On March 8, International Women’s Day, an article ran in the South China Morning Post recognizing the role of domestic workers in the region –Singapore, Taiwan and South Korea also host migrant domestic workers. The article, written by gender-studies academics, called for recognizing the role domestic workers had played in liberating local women from domestic chores, empowering them to work outside the home. It also acknowledged the persistence of historical, cultural attitudes that tend to undervalue and disrespect domestic work.
On Sundays, their Sabbath day, domestic workers can be seen gathered at the banking headquarters of HSBC, a building with an open foundation, where they play cards, talk and share meals. And they gather at St. John’s Cathedral, which offers an afternoon sung service in Filipino. A secondhand clothing store also is located at the cathedral, and Helpers for Domestic Helpers and Mission for Migrant Workers conduct workshops and hold office hours.
“Sometimes they are treated as an annoyance, especially when they gather on Sundays,” said Allan, noting, as Abdon-Tellez did, the existence of a culture of exclusion.
International recognition of the plight of the estimated 53 million to 100 million domestic workers worldwide lead the United Nations International Labor Conference while meeting in Geneva in June 2011 to adopt a “Convention and Recommendation on Domestic Workers.” It states that workers around the world who care for families and households must have the same basic labor rights as those available to other employees, including reasonable work hours, 24 consecutive hours weekly of rest, limits on in-kind payments, clear information on terms and conditions of employment, and the right to collective bargaining. (The International Organization for Migration estimates that there are 214 million migrant workers (one in every 33 people) in the world.)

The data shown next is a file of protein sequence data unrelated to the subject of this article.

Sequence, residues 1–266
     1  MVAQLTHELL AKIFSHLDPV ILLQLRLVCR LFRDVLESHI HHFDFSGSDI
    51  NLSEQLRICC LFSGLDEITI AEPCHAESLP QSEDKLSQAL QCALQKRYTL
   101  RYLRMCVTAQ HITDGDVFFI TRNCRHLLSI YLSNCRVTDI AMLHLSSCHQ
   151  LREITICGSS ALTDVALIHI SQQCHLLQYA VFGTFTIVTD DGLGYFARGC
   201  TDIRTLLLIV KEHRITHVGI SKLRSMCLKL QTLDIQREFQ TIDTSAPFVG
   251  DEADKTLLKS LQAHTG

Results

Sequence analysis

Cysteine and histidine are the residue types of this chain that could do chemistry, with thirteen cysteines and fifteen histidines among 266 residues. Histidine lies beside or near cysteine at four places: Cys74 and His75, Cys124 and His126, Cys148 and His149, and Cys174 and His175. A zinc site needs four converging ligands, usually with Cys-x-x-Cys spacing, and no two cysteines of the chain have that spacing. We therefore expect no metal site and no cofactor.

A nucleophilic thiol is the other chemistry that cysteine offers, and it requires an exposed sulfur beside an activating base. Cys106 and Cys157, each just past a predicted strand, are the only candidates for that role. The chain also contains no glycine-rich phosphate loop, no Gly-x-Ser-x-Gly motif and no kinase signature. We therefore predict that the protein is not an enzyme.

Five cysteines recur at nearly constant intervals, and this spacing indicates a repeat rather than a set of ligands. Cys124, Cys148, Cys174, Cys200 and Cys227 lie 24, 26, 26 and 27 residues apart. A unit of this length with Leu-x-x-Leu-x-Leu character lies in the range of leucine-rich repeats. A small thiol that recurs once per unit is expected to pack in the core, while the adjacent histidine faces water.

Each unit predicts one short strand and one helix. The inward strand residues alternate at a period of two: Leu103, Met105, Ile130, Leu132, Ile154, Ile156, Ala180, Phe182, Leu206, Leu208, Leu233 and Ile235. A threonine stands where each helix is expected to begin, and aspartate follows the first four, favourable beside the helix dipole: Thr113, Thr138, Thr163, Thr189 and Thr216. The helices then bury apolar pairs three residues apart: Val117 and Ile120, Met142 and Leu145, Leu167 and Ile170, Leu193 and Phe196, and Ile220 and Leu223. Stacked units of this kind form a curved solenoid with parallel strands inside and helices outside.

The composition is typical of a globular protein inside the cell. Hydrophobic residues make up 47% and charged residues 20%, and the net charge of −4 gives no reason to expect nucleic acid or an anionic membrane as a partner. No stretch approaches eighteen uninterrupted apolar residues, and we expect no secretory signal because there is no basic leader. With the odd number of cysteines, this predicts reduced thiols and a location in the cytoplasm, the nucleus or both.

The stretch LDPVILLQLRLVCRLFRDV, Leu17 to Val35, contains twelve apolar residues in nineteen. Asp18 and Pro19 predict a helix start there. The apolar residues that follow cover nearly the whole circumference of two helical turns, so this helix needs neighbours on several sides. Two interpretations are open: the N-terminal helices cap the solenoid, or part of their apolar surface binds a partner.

But despite existing laws and the international recognition, employers treat domestic workers as if they have no recourse, said Helpers’ volunteer Regi Frection, an American from Annapolis, Maryland, with a law enforcement background. Frection, whose wife works in banking, got involved with helping domestics when a woman who worked for a neighbor in his apartment building needed assistance.
In fact, employers are “bold and blatant” about it, he said. But domestic workers who seek help arrive St. John’s with slumped shoulders and leave empowered, he added. “So many come here and all they want is to be treated like a human being.”
Melina’s case offers a glimpse of the “bold” and “blatant” behavior Frection referred to — and testifies to the empowerment.
Melina, 36, also from the Philippines, was among the 15 women staying in Bethune House when ENS visited in late February. She’d been chronically underpaid for two years. For the first year, she was underpaid by HK$100 per month, and she eventually moved on to another employer. The second employer would deposit Melina’s pay into an account, which is the payment method favored by the government, get Melina to sign a receipt saying she’d been paid, and then withdraw the money himself, all of which was recorded by ATM surveillance camera, she said.
Melina (not her real name) has a four-year degree in restaurant management but couldn’t find work in the Philippines, where nurses and other medical professionals often make less money in a month than domestic workers in Hong Kong, she said.
It’s not uncommon, said Clark, the YASC volunteer, to hear stories from nurses who are working as domestic workers to send their daughters to college, only to find the daughters also end up working as domestic workers.
Melina appeared undeterred by her situation and had no intention of returning to the Philippines. “I want to stay in Hong Kong and find work, and then I want to move to Canada,” she said, in rapid-fire English.
According to her caseworker’s notes, Melina’s claim, which amounts to HK$36,874.40, or $4,749, remains open.
By the end of March, Eleanor’s HK$7,617.50 labor claim had been settled for HK$ 1,394.68 plus return airfare to the Philippines and the illegal agency fee of 90,000 pesos settled for HK$6,000, US$772. Regarding the assault by the employer’s daughter, Eleanor didn’t file charges but simply reported the incident to police, according to her caseworker’s report.
She is back in the Philippines and seeking cancer treatment.
— Lynette Wilson is an editor/reporter for Episcopal News Service. She reported this story in Hong Kong.